DRM: Media companies' next flop?

Media players are risking a consumer backlash by deploying overzealous systems with such limitations, say experts at Wharton, especially in the wake of Sony BMG's decision last year to sell CDs with copy-protection software using "rootkits"--computer software frequently used by hackers to cloak the presence of viruses and spyware.

Sony says it didn't intend to create an opportunity for hackers to target consumers' PCs. On Jan. 6, a U.S. District judge in New York gave preliminary approval to a settlement under which Sony agreed to take back the 50 CD titles with DRM software and replace them with new, unprotected versions. Indeed, according to a document on the Sony BMG Web site, the DRM software was "intended simply to prevent copying beyond the level appropriate for personal use."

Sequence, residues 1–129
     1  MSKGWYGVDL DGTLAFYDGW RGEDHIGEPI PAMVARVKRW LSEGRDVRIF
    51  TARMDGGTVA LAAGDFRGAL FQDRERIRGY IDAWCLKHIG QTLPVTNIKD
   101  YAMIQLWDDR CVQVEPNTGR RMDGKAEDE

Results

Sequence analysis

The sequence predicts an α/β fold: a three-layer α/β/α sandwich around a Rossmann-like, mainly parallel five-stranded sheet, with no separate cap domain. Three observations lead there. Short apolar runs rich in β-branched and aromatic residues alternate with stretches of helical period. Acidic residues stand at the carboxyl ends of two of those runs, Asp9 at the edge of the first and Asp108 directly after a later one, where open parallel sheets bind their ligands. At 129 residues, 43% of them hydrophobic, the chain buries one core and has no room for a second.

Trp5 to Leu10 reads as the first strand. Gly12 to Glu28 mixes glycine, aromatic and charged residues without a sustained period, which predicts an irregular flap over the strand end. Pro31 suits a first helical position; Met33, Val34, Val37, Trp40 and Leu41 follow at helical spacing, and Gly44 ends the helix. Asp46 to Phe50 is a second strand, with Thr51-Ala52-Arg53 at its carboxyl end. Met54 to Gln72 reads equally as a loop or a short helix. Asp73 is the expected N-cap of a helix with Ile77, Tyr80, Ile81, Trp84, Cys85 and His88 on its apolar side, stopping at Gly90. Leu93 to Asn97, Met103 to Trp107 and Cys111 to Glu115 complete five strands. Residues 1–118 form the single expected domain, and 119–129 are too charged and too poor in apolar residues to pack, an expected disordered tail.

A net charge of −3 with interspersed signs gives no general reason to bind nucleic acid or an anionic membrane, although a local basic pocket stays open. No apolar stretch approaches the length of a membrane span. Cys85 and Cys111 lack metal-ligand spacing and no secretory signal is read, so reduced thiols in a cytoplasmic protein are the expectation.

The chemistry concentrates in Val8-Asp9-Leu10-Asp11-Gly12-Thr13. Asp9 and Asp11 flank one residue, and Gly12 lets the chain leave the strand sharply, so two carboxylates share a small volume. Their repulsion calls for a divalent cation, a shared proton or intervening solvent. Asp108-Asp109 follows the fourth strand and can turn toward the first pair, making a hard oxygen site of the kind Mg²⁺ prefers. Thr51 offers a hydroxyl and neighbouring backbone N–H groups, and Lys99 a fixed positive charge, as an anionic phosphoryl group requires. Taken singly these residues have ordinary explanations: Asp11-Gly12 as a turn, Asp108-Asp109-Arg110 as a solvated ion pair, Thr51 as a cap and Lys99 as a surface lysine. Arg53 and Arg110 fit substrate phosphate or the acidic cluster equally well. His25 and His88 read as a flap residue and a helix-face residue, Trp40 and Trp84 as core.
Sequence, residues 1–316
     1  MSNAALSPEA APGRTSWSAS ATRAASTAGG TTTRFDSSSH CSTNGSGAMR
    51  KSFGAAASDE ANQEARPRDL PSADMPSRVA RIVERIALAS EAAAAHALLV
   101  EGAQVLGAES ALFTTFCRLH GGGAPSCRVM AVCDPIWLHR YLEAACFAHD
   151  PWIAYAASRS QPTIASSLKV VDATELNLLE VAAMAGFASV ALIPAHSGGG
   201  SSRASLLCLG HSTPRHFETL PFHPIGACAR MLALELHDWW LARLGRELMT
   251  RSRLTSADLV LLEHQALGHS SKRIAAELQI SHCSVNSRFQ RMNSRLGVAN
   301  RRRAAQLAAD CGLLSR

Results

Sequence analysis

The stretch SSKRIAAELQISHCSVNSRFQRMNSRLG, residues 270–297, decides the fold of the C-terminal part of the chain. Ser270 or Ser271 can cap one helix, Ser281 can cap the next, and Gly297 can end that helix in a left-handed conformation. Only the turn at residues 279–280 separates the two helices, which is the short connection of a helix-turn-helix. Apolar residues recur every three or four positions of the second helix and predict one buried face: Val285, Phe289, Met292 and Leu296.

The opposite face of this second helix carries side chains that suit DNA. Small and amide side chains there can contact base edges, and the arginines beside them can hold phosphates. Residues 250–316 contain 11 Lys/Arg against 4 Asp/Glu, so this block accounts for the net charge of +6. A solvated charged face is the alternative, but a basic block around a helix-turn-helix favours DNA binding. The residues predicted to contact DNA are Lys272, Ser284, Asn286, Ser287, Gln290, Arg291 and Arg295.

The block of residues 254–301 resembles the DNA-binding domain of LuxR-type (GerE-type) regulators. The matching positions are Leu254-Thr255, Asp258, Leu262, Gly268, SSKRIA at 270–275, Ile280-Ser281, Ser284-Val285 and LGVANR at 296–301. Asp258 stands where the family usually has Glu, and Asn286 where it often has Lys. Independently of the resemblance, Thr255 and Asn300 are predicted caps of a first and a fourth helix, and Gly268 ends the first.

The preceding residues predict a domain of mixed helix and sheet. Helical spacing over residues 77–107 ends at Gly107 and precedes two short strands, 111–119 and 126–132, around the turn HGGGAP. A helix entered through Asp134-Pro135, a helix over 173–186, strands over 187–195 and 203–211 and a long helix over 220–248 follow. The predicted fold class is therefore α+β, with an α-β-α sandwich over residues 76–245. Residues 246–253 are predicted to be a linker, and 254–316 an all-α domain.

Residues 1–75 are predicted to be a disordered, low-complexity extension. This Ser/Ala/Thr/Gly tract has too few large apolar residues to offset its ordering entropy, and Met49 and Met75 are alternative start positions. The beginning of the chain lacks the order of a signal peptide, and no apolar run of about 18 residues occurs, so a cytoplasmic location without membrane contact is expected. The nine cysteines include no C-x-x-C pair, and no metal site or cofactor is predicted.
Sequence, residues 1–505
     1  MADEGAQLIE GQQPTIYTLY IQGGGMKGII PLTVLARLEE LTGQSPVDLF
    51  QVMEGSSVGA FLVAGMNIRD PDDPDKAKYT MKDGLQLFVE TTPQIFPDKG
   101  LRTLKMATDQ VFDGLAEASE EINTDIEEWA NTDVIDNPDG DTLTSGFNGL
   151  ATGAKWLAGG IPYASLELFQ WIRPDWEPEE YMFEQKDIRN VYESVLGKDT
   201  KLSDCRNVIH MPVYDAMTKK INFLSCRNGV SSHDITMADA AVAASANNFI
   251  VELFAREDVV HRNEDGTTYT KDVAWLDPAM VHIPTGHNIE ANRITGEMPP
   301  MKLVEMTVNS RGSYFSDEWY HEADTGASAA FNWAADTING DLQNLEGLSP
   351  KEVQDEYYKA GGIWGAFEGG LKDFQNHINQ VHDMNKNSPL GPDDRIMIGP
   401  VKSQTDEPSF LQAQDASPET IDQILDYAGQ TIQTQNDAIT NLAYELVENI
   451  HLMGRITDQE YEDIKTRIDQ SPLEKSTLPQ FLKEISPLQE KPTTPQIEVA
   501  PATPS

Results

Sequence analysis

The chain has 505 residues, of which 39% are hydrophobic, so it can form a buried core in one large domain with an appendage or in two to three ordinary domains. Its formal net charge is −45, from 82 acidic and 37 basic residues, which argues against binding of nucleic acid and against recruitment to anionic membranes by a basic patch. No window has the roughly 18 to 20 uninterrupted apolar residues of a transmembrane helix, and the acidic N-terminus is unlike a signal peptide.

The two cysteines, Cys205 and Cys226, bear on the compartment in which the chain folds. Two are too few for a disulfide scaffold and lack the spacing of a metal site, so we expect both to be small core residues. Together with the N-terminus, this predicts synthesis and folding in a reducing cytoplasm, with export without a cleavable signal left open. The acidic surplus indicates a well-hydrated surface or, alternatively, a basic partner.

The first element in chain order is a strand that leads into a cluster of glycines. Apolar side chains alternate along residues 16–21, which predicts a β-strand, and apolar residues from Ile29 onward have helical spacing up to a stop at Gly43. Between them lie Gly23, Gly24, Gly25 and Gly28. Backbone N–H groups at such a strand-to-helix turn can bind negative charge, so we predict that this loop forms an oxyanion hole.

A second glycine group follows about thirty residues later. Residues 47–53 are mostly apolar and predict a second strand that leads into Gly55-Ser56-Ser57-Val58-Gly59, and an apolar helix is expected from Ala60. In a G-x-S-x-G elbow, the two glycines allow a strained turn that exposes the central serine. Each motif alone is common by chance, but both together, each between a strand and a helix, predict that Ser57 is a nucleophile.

The Sony incident, however, raises a host of questions. First and foremost is whether consumers are being duped when they buy content, only to find there are restrictions on transferring music to multiple devices or, even worse, that the DRM software exposes their computer to security risks. Other questions include: Is DRM worth the effort? How can you balance the rights of consumers with the rights of media companies? And what's the future of DRM?